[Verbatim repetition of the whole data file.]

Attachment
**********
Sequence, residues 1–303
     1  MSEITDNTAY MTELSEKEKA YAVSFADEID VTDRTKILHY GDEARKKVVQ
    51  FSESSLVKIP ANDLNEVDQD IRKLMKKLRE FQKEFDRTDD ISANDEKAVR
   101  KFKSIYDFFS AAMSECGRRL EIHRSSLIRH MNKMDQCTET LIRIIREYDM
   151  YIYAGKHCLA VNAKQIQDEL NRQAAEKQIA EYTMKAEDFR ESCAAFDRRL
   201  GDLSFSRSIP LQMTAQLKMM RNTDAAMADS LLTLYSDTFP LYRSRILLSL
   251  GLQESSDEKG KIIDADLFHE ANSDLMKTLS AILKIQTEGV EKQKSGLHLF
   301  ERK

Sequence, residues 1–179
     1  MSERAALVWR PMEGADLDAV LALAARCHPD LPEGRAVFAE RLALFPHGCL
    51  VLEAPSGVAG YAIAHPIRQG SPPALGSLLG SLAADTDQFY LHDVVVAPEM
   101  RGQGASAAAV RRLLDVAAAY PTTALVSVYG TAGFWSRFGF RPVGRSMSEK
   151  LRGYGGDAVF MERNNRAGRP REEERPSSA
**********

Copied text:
Sequence, residues 1–303
     1  MSEITDNTAY MTELSEKEKA YAVSFADEID VTDRTKILHY GDEARKKVVQ
    51  FSESSLVKIP ANDLNEVDQD IRKLMKKLRE FQKEFDRTDD ISANDEKAVR
   101  KFKSIYDFFS AAMSECGRRL EIHRSSLIRH MNKMDQCTET LIRIIREYDM
   151  YIYAGKHCLA VNAKQIQDEL NRQAAEKQIA EYTMKAEDFR ESCAAFDRRL
   201  GDLSFSRSIP LQMTAQLKMM RNTDAAMADS LLTLYSDTFP LYRSRILLSL
   251  GLQESSDEKG KIIDADLFHE ANSDLMKTLS AILKIQTEGV EKQKSGLHLF
   301  ERK

Sequence, residues 1–179
     1  MSERAALVWR PMEGADLDAV LALAARCHPD LPEGRAVFAE RLALFPHGCL
    51  VLEAPSGVAG YAIAHPIRQG SPPALGSLLG SLAADTDQFY LHDVVVAPEM
   101  RGQGASAAAV RRLLDVAAAY PTTALVSVYG TAGFWSRFGF RPVGRSMSEK
   151  LRGYGGDAVF MERNNRAGRP REEERPSSA